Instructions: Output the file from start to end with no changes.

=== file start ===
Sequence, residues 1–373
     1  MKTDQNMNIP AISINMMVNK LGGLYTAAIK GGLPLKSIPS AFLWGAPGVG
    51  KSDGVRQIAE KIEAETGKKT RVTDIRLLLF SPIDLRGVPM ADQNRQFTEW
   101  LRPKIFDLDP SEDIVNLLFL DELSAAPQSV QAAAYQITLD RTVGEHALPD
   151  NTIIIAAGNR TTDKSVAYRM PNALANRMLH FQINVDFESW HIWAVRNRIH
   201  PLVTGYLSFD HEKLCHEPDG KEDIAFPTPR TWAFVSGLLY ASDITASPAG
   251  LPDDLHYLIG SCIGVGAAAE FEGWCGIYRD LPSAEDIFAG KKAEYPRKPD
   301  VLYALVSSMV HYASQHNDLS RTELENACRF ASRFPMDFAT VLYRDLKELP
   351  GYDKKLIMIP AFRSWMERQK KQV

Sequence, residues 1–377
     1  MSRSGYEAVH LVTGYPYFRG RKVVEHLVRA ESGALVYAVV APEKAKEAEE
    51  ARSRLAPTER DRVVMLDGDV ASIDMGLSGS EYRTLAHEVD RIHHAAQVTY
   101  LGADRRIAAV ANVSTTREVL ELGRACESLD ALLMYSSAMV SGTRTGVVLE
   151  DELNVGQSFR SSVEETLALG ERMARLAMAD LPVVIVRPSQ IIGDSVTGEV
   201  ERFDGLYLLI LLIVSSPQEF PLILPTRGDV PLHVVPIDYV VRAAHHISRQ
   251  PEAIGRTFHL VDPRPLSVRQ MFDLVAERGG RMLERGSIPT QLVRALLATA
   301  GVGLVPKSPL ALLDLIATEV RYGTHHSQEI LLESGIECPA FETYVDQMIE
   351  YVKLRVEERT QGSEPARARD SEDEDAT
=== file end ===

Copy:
Sequence, residues 1–373
     1  MKTDQNMNIP AISINMMVNK LGGLYTAAIK GGLPLKSIPS AFLWGAPGVG
    51  KSDGVRQIAE KIEAETGKKT RVTDIRLLLF SPIDLRGVPM ADQNRQFTEW
   101  LRPKIFDLDP SEDIVNLLFL DELSAAPQSV QAAAYQITLD RTVGEHALPD
   151  NTIIIAAGNR TTDKSVAYRM PNALANRMLH FQINVDFESW HIWAVRNRIH
   201  PLVTGYLSFD HEKLCHEPDG KEDIAFPTPR TWAFVSGLLY ASDITASPAG
   251  LPDDLHYLIG SCIGVGAAAE FEGWCGIYRD LPSAEDIFAG KKAEYPRKPD
   301  VLYALVSSMV HYASQHNDLS RTELENACRF ASRFPMDFAT VLYRDLKELP
   351  GYDKKLIMIP AFRSWMERQK KQV

Sequence, residues 1–377
     1  MSRSGYEAVH LVTGYPYFRG RKVVEHLVRA ESGALVYAVV APEKAKEAEE
    51  ARSRLAPTER DRVVMLDGDV ASIDMGLSGS EYRTLAHEVD RIHHAAQVTY
   101  LGADRRIAAV ANVSTTREVL ELGRACESLD ALLMYSSAMV SGTRTGVVLE
   151  DELNVGQSFR SSVEETLALG ERMARLAMAD LPVVIVRPSQ IIGDSVTGEV
   201  ERFDGLYLLI LLIVSSPQEF PLILPTRGDV PLHVVPIDYV VRAAHHISRQ
   251  PEAIGRTFHL VDPRPLSVRQ MFDLVAERGG RMLERGSIPT QLVRALLATA
   301  GVGLVPKSPL ALLDLIATEV RYGTHHSQEI LLESGIECPA FETYVDQMIE
   351  YVKLRVEERT QGSEPARARD SEDEDAT